Why cities are important for the mission of the Church

Cities are important to the mission of the Church because increasingly they are where people are. Until very recently, humanity lived almost exclusively in villages or rural settings. As recently as 1910, only 10% of the world’s population lived in cities. Today, it is more than 50% urban, and that number could rise to 75% by mid-century. Paul Romer describes this drastic change as human beings going from living in packs like wolves to living more like ants or termites.

The change is happening mainly in the developing world. Africa is urbanizing today faster than any other continent. According to the UN, half of the world’s population growth by 2050, or about 1.2 billion people, will be in Africa. By 2050, 21% of the world’s population will live in African cities. China and India have also urbanized. More than a billion people around the world now live in urban slums, more than the combined population of the United States and Europe. As missiologist Ray Bakke said, “It’s no longer a grass thatched roof from a jungle. [Cities are] the new mission field of the future on six continents.

Cities are important to the mission of the church because increasingly they are where people are.

The Great Commission urges us to reach every people group and every place on the planet, but the sheer weight of demographics argues for a more urban mission field today. For every 100 million new urban residents, we need to start 10,000 new urban churches just to reach a ratio of one church per 10,000 people. This means that we will have to start tens of thousands of new urban churches in the decades to come.

But what about America?

Urbanization is different when we study the United States. If you follow the Census Bureau classification, our country has long been populated by urban dwellers, reaching 50% urban in 1920 and about 80% urban today. But the “80% urban” figure is misleading, as the bureau says any place with a population of 2,500 or more is urban. Someone who lives in John Mellencamp’s “small town” in Seymour, Indiana is now technically a city dweller.

Additionally, when most hear the word “urban,” they think of higher density areas with multi-family housing and mixed-use developments. They think of passable streets laid out on a grid-like street plan that are accessible by public transit. This description does not characterize the places where most Americans live. The combined 2020 population of the traditionally urban cities of New York, Los Angeles, Chicago, San Francisco, Philadelphia, Boston, Seattle, Washington, Baltimore, and Miami is only about 20 million. If you add urban districts in cities like Indianapolis (where I live) and even college towns, America’s urban population jumps to between 30 and 40 million, or only 10 to 15 percent of the country. Most Americans live in the suburbs, which have grown sprawlingly because of the automobile.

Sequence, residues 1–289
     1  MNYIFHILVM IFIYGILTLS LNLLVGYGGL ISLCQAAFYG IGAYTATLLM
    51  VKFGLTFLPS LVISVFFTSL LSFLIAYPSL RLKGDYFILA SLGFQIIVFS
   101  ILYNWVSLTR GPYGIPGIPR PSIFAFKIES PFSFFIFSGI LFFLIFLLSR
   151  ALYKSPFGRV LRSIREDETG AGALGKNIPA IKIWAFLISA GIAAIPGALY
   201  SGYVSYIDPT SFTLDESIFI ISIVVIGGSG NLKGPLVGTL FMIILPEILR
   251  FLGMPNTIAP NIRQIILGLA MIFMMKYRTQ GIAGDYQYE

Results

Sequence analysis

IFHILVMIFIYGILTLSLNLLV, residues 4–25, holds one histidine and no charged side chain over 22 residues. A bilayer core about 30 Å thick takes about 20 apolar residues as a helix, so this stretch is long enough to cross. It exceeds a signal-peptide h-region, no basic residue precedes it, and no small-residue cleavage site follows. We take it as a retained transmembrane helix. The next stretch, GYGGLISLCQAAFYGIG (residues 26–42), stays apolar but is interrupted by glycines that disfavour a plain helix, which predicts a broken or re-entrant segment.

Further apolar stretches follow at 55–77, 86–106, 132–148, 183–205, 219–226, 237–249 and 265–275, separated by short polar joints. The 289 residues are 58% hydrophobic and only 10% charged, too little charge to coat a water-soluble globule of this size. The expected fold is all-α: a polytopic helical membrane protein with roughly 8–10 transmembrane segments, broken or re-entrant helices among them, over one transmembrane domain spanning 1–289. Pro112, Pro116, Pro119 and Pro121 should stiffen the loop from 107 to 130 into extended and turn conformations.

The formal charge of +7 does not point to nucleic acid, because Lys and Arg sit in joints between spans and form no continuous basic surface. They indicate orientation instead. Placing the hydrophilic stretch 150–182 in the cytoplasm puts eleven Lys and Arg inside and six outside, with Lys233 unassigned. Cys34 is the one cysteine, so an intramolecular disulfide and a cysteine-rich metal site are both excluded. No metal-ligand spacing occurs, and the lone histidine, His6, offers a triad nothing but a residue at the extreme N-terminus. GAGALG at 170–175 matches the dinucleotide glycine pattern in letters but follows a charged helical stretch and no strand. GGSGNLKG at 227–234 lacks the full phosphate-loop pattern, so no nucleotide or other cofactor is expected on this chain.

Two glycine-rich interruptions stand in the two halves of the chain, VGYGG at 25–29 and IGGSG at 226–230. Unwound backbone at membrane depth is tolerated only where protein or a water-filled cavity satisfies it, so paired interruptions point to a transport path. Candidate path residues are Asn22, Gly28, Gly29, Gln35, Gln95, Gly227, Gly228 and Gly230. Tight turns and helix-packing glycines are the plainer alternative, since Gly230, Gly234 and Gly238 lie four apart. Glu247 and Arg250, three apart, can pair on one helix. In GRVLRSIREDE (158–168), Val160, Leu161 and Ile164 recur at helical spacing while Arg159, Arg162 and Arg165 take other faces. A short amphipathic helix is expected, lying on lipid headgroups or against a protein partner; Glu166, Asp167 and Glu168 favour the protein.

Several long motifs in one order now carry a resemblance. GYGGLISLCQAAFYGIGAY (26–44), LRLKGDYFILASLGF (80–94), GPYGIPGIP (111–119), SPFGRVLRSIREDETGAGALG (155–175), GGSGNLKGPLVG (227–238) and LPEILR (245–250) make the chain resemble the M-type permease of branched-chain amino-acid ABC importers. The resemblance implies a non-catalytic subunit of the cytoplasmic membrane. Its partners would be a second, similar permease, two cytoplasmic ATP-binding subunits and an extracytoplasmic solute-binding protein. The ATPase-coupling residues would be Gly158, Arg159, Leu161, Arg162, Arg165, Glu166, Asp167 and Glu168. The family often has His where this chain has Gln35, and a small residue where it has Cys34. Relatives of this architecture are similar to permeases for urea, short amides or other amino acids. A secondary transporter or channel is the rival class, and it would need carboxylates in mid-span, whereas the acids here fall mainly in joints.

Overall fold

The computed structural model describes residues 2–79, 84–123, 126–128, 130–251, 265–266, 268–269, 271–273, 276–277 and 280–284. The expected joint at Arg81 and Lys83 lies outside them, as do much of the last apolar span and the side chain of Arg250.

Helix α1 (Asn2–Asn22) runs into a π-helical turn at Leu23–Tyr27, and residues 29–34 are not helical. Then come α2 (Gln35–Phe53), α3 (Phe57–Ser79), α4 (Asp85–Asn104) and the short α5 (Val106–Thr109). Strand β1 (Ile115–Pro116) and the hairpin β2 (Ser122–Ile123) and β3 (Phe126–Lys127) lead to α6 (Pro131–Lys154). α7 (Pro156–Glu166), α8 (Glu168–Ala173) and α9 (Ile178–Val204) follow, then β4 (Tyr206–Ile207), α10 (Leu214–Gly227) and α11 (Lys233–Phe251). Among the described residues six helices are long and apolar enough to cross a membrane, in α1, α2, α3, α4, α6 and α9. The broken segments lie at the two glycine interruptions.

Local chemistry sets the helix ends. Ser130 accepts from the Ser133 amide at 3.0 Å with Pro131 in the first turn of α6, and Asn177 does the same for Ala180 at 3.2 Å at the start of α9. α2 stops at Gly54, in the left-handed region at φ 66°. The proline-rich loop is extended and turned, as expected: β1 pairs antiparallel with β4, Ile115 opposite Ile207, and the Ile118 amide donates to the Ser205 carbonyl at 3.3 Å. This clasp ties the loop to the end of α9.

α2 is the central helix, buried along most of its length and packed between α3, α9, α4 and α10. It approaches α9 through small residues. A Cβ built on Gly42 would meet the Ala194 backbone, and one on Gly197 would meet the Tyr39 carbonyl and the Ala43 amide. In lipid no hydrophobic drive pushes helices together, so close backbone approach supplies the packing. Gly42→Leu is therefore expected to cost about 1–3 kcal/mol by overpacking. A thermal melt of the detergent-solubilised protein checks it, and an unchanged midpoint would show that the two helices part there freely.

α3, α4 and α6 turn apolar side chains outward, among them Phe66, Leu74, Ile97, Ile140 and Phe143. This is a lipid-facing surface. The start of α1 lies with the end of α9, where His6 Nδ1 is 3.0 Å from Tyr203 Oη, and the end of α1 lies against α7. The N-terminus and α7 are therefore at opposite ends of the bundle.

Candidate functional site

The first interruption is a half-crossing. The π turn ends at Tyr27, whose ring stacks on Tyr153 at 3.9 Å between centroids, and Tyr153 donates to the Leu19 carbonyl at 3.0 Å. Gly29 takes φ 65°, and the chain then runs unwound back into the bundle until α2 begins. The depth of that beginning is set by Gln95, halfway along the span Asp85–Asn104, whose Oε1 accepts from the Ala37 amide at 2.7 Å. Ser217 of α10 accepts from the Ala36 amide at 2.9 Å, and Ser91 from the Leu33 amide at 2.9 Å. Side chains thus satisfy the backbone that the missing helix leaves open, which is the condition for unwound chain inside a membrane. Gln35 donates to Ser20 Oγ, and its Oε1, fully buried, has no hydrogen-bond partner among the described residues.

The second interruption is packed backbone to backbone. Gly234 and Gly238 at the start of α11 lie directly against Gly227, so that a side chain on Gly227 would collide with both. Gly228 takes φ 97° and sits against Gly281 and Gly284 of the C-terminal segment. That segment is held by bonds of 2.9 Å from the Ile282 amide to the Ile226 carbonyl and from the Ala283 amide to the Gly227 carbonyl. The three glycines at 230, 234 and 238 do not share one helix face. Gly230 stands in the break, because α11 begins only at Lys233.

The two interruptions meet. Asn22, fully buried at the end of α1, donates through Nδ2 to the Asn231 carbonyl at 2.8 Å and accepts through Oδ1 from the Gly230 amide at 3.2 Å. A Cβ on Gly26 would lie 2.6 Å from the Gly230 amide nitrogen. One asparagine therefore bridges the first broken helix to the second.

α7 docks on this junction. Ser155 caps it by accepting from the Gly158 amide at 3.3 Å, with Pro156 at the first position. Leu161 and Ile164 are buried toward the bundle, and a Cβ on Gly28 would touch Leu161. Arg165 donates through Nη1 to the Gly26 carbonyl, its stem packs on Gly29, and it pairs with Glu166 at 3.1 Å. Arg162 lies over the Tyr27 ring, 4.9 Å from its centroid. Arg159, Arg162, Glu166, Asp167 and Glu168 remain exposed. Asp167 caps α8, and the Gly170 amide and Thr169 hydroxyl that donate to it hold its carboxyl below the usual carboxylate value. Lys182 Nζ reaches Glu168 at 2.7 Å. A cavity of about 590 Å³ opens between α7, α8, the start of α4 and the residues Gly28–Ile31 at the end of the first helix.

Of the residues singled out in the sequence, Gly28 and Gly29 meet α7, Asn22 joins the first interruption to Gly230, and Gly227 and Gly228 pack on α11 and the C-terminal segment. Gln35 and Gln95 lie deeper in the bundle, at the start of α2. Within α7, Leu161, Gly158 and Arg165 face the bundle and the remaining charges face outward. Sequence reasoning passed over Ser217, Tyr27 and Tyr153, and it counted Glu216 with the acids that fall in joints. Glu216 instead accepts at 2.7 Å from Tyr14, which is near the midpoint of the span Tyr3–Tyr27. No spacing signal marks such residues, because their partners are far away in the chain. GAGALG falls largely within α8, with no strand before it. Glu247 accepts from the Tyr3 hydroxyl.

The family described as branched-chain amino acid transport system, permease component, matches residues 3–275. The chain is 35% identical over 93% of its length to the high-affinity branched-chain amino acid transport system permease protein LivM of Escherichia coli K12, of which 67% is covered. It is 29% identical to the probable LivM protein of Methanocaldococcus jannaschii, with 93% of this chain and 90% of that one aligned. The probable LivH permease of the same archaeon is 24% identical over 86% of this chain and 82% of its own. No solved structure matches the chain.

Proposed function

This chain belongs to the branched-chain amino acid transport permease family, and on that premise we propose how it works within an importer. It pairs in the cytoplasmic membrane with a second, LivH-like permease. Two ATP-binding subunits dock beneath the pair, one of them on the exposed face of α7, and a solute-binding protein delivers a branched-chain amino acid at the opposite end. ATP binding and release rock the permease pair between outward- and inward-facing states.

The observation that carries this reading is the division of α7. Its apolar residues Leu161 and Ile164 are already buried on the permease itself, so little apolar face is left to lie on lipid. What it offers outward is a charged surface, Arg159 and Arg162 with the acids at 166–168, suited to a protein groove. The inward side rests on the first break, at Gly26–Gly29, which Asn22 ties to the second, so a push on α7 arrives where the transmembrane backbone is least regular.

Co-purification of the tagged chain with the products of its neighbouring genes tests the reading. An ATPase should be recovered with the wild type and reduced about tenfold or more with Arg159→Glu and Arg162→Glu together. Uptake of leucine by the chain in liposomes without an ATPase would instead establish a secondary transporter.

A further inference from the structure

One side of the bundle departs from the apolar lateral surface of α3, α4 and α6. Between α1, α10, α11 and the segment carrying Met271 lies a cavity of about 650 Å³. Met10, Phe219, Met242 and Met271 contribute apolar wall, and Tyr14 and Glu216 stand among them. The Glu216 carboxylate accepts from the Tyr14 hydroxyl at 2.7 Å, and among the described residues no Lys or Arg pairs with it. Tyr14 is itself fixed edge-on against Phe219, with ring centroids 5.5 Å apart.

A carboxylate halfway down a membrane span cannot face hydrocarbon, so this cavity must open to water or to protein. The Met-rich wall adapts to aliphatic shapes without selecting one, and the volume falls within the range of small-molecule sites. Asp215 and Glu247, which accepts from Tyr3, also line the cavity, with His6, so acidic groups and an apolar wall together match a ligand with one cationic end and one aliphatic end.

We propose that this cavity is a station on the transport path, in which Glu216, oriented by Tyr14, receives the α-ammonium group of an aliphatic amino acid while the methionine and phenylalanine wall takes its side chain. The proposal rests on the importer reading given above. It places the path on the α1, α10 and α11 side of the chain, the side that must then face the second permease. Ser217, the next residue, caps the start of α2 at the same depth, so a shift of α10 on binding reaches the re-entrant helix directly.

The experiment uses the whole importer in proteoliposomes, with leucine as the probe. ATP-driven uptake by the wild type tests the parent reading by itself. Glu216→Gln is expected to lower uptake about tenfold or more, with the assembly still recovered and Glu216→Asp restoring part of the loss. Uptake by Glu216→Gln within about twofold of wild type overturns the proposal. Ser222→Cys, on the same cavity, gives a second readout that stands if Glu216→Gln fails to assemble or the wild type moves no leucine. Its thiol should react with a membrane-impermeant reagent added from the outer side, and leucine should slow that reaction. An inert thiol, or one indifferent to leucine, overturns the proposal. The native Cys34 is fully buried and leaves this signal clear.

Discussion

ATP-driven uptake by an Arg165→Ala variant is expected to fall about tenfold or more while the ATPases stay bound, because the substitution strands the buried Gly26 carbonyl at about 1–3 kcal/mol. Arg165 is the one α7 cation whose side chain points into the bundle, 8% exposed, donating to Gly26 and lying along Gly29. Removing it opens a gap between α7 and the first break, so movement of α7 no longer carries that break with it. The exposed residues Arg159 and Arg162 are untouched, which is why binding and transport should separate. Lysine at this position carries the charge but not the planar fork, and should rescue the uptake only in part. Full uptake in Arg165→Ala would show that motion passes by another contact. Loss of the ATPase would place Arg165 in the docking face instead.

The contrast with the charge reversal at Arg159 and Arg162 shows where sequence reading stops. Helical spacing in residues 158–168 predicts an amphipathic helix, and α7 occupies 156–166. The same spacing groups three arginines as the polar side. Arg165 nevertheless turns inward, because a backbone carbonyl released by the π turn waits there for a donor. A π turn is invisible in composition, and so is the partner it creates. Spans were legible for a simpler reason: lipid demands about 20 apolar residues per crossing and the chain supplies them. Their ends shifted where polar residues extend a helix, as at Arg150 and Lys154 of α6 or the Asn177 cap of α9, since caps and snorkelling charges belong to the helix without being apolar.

Given these realities, are traditional urban areas still important to the mission of the church in the United States? They are, and here are three reasons why:

1. Every person matters.

The 30 to 40 million people who live in cities need to hear the gospel. We shouldn’t exclude people living in urban settings, whether it’s small towns like Louisville and Birmingham or big cities like Boston and Seattle.

2. Cities contain power plants.

Major urban centers are critical nodes because they control the economy, industry and government of our country. The institutions that affect all Americans are there. It’s technology in the Bay Area, finance in New York, entertainment in Los Angeles, elite biotech and higher education in Boston, and the federal government in Washington that make these coastal centers some of the places the most powerful in the country. Decisions made in institutions like Google, Disney, the New York Times, the Department of Defense and Harvard have profound effects on all of us. For these reasons, cities are strategic. If we want to see the gospel transform key institutions, the church must be present and strong in cities.

3. Change starts here.

Since the institutions that shape the country’s culture are located in major urban centers, cultural change usually occurs there first. When Pennsylvania Station was demolished in New York City, it catalyzed the nationwide historic preservation movement. The modern LGBT+ rights movement was launched by the Stonewall riots in New York in 1969. What happens in Vegas may stay in Vegas, but what happens in New York, San Francisco or LA will eventually show up on your doorstep. .

Major urban centers are critical nodes because they control the economy, industry and government of our country.

Churches in cities are exposed to cultural change very early on. For this reason, they are often the first to respond to these changes. Even if urban churches fail to reach the culture (or capitulate inappropriately), they can show the larger church what not to do. It can be easy to throw stones at urban church leaders from the comfort of a suburb or small town in a red state. But it would be wiser to pay attention to the pressures under which they operate, for these same forces will soon be everywhere.

Urban ministry is not the whole of the Great Commission, but it is important. For demographic, economic, political and cultural reasons, cities, both globally and nationally, are an essential component of the Church’s mission in the 21st century.

Charles K. Eckert